Travel Glow by Body Thief is an adventurous, hazy dream, you’ll fondly remember for it’s intricacy and intimacy.

Release date: March 1, 2019 | Independent | Facebook | Bandcamp

In my opinion, some of the best bands today all have one thing in common, and that is they are unable to be classified. To walk the thin line between multiple genres, holding the balance just right to fit into any of them, is a complicated effort. Yet there are bands who make it look incredibly easy, like Body Thief. After their intimate, progressive sounding effort in Speak In Hibernation, the band is back with Travel Glow, an enchanting record that brings together elements of post-hardcore, shoegaze, math rock, and indie.

“Sour Sounds” opens up the record, an unusual opener for the band. It’s quite straight forward, while the band itself seems to fall more into the impressionistic style of music that dabbles in humility and observation of its direct environment, to put the perspective of an observer into musical context. This change of pace is not a bad sign though, as the song is rich in the established tropes the band has now perfected. After the ambient punk opening, in which the guitars distorted hum slowly fades into eerie reverb, the band begins to build textures, like they did so often on their previous release. These textures are interwoven instrumentals, you could see as down-tempo mathy shoegaze, consisting of call and response structures of different instruments and layering melody and counter-melody over another. The vocals manage to sound rough yet soothing at the same time, giving everything a somber touch. As we near the end the band kicks it up with the riffage, delivering some nice melodies over ambient textures, you could sink into and drift endlessly.

An example that beautifully shows how the band has grown since their debut is “Innerverse”. In this track, the main motif is one riff that is constantly in motion like an ever-flowing river. It traverses through the song effortlessly through various modulations and with a cavernous atmospheres. Over this, the band seems to change the way the other instruments constantly interact with the main motif, bringing out some melancholic back-beat or a triumphant shimmer. This is a song that shows maturity and technical prowess without showing off. It shows a certain level of maturity the group has reached together.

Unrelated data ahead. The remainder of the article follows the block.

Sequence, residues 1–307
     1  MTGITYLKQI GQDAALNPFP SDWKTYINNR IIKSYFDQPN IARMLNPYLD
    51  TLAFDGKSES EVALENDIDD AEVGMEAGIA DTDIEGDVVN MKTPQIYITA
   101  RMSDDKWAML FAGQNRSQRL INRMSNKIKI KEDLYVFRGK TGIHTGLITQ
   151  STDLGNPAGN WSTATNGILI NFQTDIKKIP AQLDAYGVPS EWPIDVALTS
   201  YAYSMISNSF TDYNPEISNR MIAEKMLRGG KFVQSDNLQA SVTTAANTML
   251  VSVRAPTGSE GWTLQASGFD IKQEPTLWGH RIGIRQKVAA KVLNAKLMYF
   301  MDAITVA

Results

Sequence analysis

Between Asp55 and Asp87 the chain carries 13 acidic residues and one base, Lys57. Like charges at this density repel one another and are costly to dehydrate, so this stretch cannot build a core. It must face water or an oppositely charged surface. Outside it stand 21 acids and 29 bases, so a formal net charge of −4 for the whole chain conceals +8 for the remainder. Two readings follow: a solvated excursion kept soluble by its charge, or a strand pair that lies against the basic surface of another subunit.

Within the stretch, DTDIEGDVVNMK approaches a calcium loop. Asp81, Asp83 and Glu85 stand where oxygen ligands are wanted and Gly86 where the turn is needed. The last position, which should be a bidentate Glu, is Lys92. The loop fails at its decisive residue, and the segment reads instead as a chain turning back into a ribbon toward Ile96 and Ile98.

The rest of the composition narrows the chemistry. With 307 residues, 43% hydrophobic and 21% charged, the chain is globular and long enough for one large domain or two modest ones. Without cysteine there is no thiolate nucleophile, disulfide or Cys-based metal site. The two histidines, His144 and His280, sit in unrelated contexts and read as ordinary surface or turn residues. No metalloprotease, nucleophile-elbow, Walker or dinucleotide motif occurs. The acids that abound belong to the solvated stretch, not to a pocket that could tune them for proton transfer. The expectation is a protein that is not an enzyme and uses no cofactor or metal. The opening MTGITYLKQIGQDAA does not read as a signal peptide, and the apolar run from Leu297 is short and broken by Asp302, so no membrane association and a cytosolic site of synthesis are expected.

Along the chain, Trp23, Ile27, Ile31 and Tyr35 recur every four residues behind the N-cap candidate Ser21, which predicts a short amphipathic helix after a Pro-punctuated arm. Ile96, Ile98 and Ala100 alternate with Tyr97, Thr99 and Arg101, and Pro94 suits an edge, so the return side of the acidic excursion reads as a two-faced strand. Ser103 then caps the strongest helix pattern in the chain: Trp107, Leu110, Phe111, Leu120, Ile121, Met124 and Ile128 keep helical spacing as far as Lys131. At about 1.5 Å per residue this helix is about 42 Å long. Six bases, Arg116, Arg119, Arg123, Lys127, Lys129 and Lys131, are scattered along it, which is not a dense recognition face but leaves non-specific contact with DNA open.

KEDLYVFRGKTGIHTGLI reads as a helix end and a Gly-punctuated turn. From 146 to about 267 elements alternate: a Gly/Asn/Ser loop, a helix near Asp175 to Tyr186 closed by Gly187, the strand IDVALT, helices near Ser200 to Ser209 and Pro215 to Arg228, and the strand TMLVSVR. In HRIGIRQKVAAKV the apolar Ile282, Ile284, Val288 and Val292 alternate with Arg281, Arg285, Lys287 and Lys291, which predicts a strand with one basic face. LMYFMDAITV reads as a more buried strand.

“Vesper Visits” on the other hand is a track that has not as much to do with what was mentioned above as you might expect. It’s an archetypal Body Thief track, don’t get me wrong, but its nonchalant nature and ascended vocals sound like something you could easily hear on the radio. It shows a side of the band that just seems to have fun at making songs together; it shows authenticity.

Travel Glow is a wonderful album, and it’s a moldable one. It can basically be what you want. If you want a deep and intimate experience with a record, it can be just that. It can also be a collection of songs that are nice to listen to while you drive in your car and want to relax a bit. It’s an album that is very worth listening to for it’s fun, yet intricate and profound character. You can’t just put it in a drawer, just like the band.

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